This is new Audi RS6 Avant, a 552bhp rival to the BMW M5, Jaguar XFR-S and Mercedes E63 AMG. It’s also the second of four new Audi RS models due in 2013, but after the disappointment of the first (the RS5 Cabriolet) can the new RS6 deliver? This über Avant is less powerful than its predecessor, but it is faster and more efficient, and nearly 100kg lighter too. Read on for CAR’s first drive review of the new Audi RS6 Avant…
How powerful is the new Audi RS6 Avant?
It’s 20bhp down on its predecessor, so the outgoing Mk2 RS6 remains the most powerful road car Audi has ever built. Hardly surprising, as it had a twin-turbo Lamborghini-derived 5.0-litre V10 that produced 572bhp and 479lb ft.
This new third-generation RS6 Avant? A twin-turbo 4.0-litre V8. It’s the same base engine you’ll find in S6, S7 and S8 Audis, and Bentley’s Continental GT V8, but it’s in its most potent guise for RS6. Peak power is 552bhp (on par with the BMW M5) and there’s 516lb ft too, up 37lb ft on the old RS6.
Is the new Audi RS6 quicker than the old RS6?
It is. The latest Audi A6’s aluminium-intensive construction means it weighs around 15% less than if it were built from steel, and the RS6 has inherited those lightweight foundations. So with the bonnet, front wings, doors and bootlid all built from aluminium – plus the downsized engine – the new RS6 weighs 90kg less than the old RS6. Add in a faster-shifting gearbox, and the latest Launch Control electronics, and the RS6 will blast to 62mph in just 3.9 seconds. Old car? 4.6 seconds.
And, at least officially, it’s a more frugal machine too. Consumption and emission figures of 28.8mpg and 229g/km CO2 are huge 40% improvements. Thank the reduced friction of two fewer cylinders, a stop/start system, and the VW Group’s cylinder-on-demand tech which shuts down half the cylinders under light loads. And active engine mounts counteract the vibrations so you’re never aware when the RS6 is running as a 2.0-litre V4.
The top speed is limited to 155mph, but can be increased to 174mph with the optional Dynamic Package, or 189mph with the optional Dynamic Plus Package. Why you’d bother with either is beyond us.
What’s it like on the road?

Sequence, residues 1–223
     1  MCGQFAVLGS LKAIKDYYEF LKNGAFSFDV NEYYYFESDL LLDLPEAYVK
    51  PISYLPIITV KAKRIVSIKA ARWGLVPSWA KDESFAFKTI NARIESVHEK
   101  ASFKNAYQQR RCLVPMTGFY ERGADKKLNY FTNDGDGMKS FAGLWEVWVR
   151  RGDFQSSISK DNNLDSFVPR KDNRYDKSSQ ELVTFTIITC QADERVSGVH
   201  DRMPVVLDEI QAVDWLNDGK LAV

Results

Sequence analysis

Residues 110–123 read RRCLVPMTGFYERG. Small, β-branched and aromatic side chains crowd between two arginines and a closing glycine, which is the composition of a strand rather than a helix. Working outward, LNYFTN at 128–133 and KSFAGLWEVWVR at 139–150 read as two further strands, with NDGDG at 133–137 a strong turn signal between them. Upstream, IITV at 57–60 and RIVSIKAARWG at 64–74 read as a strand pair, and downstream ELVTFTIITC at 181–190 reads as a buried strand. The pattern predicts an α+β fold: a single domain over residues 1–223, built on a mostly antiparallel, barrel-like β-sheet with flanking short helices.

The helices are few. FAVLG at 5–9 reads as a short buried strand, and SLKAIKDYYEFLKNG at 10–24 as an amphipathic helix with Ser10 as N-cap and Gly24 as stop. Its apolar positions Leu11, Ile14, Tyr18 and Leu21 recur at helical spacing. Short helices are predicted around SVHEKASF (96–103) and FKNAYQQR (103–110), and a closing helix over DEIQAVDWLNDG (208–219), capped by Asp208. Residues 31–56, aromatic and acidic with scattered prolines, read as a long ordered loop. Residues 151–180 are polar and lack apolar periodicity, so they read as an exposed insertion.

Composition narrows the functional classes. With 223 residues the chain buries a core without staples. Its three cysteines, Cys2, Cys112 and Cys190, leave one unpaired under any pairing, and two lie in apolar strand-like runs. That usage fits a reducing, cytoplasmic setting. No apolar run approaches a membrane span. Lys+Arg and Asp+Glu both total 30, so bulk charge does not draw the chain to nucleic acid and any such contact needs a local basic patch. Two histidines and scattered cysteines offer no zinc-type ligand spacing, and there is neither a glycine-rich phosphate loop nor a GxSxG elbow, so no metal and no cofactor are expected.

Four-wheel drive means there’s no need for the traction control to intervene when you bury your foot from a standstill, and after that the RS6 just hammers forward with an unrelenting urge. Is it quicker than the M5 or E63? Does it matter? All of three will leave a Porsche 911 trailing and the RS6 is as fast as you’ll ever need (though there is a more powerful Plus variant coming).
The V8 rumble from the two big oval exhausts is crisp, but as the revs rise it becomes a louder rasp, and as the boost builds the twin turbos overlay a filthy urgent roar. The bi-turbo engine doesn’t quite have the flamboyant muscle car rumble of an AMG Merc, but it’s a more rousing sound than the rather anodyne and artificial noises made by the M5.
So it’s quick and sounds good, but how does the RS6 ride and handle?
The RS6 Avant has air suspension (a first for an RS model) as standard, but our test car was fitted with the optional Dynamic Ride Control suspension, which has steel springs and diagonally connected shock absorbers. Clever stuff, but not worth the money: you’ll only ever drive your RS6 with DRC in its Comfort setting, as even on smooth German roads the ride is far too firm and abrupt in Dynamic. The Comfort setting will be just about acceptable on UK roads.
You can configure a lot more on the RS6, too. Use the Drive Select system and you can toggle between pre-set Comfort, Auto and Dynamic modes, or set your own preferences via Individual. Go with Individual, set the exhaust to Dynamic (it’s still hushed on part-throttle) and do the same with the rear ‘Sport’ differential (because you won’t really notice any difference on the road). The engine/gearbox setting? Comfort, with the gearbox in its Sport setting for swifter shifts, or opt for Dynamic and get a sharper throttle too – either way it’ll be quick. Nearly done. Our car had the Dynamic Steering option, but like the DRC suspension it’s best left in Comfort otherwise there’s too much extra weight rather than actual feel.
And when I’ve sorted all these settings?
Then you can finally start enjoying the RS6. With the smaller and lighter engine most of the weight savings have come over the front axle, so the RS6 is more agile than its predecessor. And the Quattro four-wheel drive system means you don’t have to modulate the throttle out of corners like you do in an M5 or E63.
On the country roads that wind through the hills north of Audi’s Ingolstadt HQ, you can drive the RS6 like a big front-wheel drive hot hatch and not worry about what the rear end might do if you’ve been too keen with the power. It’ll keep up with an M5 in the dry, and leave it behind in the wet.
The new RS6 doesn’t have the ur-Quattro-aping squared-off wheelarches of the old RS6 or current RS4, but there’s no mistaking it thanks to the big twin tailpipes, a smattering of aluminium highlights, and the ‘quattro’ detailing in the grille.
Inside there are superb honeycomb-quilted leather seats embossed with ‘RS6’ logos, lots of RS-specific touches (so it feels more special than an M5) and loads of kit, and best of all there’s a big boot too.
Want a smaller boot? There’s no RS6 saloon this time, but the same drivetrain can be found in the new RS7 Sportback. The UK market will get both models, but the USA will miss out on the RS6 Avant as estates apparently aren’t popular models across the Pond.
On-the-road price not withstanding, the Audi RS6 Avant is a brilliant family car with all the talents of our long-term A6 Allroad: it’s practical, cabin quality is peerless, and it’s very desirable.
But it’s also a brilliant performance car, one with peerless traction and grip, a stonking engine that makes a great noise, and it’s surprisingly fun to drive too.